If the tourists time is limited to one or two days, we would advise him to proceed at once to Brodick and employ his time in exploring Glen Rosa or ascending Goatfell. If to either of these excursions, he can add a visit to Glen Sannox he may consider himself to have seen the most striking features of Arran. Lamlash, though well worth visiting will not repay the tourist for neglecting a visit to any of the other three points we have indicated. We shall hastily sketch the principle objects embraced in the entire circuit of this interesting island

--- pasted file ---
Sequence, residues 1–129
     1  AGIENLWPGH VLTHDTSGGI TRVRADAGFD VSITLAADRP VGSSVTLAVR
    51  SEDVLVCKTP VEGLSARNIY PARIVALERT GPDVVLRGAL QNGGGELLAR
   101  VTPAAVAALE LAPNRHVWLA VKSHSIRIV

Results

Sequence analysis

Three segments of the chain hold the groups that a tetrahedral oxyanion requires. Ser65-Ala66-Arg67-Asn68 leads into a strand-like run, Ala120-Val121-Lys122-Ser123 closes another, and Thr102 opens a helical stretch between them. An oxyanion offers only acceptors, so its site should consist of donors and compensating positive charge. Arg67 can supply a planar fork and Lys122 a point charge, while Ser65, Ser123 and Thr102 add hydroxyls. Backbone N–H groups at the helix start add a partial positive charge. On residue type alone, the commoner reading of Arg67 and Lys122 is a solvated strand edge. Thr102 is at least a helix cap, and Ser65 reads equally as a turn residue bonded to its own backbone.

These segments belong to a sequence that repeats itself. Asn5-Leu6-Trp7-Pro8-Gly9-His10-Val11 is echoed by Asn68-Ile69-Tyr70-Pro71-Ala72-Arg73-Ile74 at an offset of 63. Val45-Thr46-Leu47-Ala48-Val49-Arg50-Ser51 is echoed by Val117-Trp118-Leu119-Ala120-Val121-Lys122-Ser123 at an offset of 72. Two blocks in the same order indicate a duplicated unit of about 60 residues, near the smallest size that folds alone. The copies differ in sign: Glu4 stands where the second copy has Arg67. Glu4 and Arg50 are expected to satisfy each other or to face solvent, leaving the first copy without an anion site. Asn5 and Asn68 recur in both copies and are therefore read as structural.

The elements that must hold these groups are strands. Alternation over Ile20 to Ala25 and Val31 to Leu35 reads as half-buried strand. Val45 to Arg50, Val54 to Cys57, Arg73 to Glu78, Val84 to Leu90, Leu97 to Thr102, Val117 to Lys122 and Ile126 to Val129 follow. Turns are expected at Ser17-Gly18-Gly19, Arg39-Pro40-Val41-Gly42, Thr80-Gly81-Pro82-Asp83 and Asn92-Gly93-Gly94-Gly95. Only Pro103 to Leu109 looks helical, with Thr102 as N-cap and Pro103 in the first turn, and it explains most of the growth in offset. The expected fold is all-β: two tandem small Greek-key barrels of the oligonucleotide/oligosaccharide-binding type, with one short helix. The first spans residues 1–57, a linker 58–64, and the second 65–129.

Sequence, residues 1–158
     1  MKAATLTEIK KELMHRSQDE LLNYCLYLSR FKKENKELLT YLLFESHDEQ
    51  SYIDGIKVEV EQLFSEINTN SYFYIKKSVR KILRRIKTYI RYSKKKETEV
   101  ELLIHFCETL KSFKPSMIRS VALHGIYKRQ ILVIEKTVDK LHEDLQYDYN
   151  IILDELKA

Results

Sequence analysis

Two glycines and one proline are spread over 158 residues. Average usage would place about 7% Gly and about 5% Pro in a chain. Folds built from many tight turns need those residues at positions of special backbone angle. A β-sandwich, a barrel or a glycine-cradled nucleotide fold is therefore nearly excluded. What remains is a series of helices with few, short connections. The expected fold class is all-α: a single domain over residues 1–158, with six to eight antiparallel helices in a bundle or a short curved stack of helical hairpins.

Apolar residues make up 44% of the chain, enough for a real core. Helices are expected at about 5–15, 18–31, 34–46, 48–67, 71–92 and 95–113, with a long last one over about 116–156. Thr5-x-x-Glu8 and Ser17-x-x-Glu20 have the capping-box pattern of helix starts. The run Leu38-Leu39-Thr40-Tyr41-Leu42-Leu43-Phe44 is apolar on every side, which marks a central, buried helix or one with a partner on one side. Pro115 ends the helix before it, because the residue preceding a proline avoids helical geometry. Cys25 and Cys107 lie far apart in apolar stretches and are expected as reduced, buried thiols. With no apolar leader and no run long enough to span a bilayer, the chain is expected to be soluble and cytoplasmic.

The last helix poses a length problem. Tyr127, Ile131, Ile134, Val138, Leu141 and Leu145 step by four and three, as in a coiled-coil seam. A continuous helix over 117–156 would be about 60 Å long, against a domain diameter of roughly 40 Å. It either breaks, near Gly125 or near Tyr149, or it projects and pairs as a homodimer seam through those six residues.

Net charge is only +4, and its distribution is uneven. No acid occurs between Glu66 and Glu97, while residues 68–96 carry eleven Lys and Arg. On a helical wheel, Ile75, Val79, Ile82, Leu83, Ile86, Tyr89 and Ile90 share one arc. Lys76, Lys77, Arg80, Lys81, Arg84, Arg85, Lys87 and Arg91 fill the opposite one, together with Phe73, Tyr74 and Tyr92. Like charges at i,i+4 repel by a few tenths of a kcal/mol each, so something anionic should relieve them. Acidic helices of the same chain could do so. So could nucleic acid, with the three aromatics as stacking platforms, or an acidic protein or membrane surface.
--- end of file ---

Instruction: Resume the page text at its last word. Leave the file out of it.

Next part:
The village of Brodick is scattered along the margin of a beautiful bay opening to the east. The fore-ground of this bay is finely diversified with clumps of trees, houses and cottages, interspersed with patches of cultivated ground and glittering sand. The back-ground to all this consists of a noble ampitheatre of hills, rising gradually from either extremity of the bay, and receding inland until they reach an elevation of nearly 3000 feet, in the serrated ridges and peaks of Benhuish, Ceim-na-cailliac, and Goatfell. Between the shoulders of the mountains, the eye traces several noble glens the finest of which is Glen Rosa. On the north side of the bay the battlements of Brodick castle are seen rising above some fine old trees which clothe a considerable portion of the rising ground in this quarter; and beyond and above all towers the elegant conical summit of Goatfell. Goatfell may be ascended by a good pedestrian in about two hours from the door of Brodick inn. We spent three and a half hours in ascending it from Glen Rosa. Some prefer ascending it from the Corrie. A guide should be taken from whatever point the ascent is made otherwise a stranger will probably incur much useless fatigue and perhaps place himself in some danger. The altitude of this mountain is stated in the 'statistical account of Scotand' at 2840 feet. From the summit of Goatfell the tourist may proceed along the ridge at the head of Glen Rosa and down into Glen Sannox. From Sannox he may return by the shore - a beautiful road - to Brodick where there is an excellent inn. The distance of Brodick from Lamlash is about 5 miles. The road commands some very fine views particularly looking back upon the mountains above Brodick, and at the point at which the bay of Lamlash first comes into view. Whiting Bay, beyond Lamlash, is a fine bay. The road along the coast here presents many beautiful points. If the tourist chooses to circumnambulate the island he can easily do so, as there is an excellent road, generally pretty close along the shore. On the first day he may reach the Blackwater foot, where he will find comfortable accommodation. The second day's journey will bring him to Loch Ranza, where there is also a decent inn; and the next day he can proceed to Brodick, either by the coast road winding along the shore, or by the middle road which crosses the mountains, and enters the head of Glen Sannox. The principal objects in the first day's route are the fine and ever present views which occur along the western and southern coast. On the second day, after leaving the Blackwater foot, he should visit the point of Drumodune and the celebrated caves a little beyond it, which are said to have afforded shelter to the Bruce. The neighbourhood of Loch Ransa will also afford him an evening's amusement. The third day's tour, whether he take the inland or the coast road, will present to him some of the finest marine and sylvan scenery in Scotland. A good pedestrian should not fail to ascend Glen Sannox, cross over the ridge at its head, and descend upon Brodick by Glen Rosa.